Daytona Beach News-Journal
January 26, 2020
When the Legislature starts filing bills related to open government, there’s usually a little good, but a whole lot of bad and ugly.
This year is no different. Florida’s First Amendment Foundation is tracking roughly 100 bills, most of which would close access to records or shut the public out of meetings. Often, there’s little reason cited for hiding records or closing meetings, despite the requirement — in the Florida Constitution — that statutes include a stated purpose and justification for exempting information from public review.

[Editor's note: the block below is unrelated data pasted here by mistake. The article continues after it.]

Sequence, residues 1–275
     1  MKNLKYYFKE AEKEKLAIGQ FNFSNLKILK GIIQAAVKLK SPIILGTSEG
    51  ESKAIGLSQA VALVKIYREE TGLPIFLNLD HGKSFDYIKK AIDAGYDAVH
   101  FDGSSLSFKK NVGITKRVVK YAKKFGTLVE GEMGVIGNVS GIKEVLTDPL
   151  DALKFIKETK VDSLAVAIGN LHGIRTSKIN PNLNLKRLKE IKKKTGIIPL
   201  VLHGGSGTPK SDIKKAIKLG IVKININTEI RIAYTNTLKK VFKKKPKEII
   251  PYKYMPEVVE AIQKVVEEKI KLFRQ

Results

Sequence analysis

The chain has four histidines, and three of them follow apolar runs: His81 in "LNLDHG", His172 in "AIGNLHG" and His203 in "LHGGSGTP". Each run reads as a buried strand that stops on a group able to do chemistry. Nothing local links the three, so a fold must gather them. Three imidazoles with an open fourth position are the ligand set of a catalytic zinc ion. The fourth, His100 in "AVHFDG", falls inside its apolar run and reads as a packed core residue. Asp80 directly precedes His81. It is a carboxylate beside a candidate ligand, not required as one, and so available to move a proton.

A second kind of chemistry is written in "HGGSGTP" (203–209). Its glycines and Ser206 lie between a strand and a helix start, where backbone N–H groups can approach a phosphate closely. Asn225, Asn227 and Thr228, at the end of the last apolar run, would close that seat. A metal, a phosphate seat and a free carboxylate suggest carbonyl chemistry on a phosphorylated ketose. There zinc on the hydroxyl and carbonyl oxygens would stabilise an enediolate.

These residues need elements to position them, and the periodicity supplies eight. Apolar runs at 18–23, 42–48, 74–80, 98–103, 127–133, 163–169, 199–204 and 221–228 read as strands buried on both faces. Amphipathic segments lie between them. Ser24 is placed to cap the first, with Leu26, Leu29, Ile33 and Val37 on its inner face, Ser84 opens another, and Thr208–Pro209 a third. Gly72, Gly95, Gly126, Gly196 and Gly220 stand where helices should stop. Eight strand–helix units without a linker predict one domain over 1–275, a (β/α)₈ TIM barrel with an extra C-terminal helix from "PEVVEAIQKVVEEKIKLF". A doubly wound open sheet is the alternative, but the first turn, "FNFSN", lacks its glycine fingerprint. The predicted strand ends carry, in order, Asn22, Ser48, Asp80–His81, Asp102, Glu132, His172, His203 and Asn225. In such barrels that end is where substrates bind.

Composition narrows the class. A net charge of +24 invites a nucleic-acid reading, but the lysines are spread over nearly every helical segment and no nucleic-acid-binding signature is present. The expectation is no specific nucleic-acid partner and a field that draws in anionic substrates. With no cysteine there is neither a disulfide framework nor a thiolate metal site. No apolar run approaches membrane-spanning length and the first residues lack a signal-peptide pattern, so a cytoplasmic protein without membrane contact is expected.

And the reasons have to make sense. That’s where many proposed laws stumble. They make wild assertions about the potential for misuse of information while ignoring the bad precedent set by allowing such sketchy explanations to be written into statutes.
That’s certainly the case with bills filed this session that would exempt home addresses of certain state and local employees and elected officials from public disclosure — anywhere. That type of exemption almost made sense when it was first enacted for law enforcement officials, judges and the like — people who had a reasonable fear that someone might want to retaliate against them for an adverse ruling or arrest.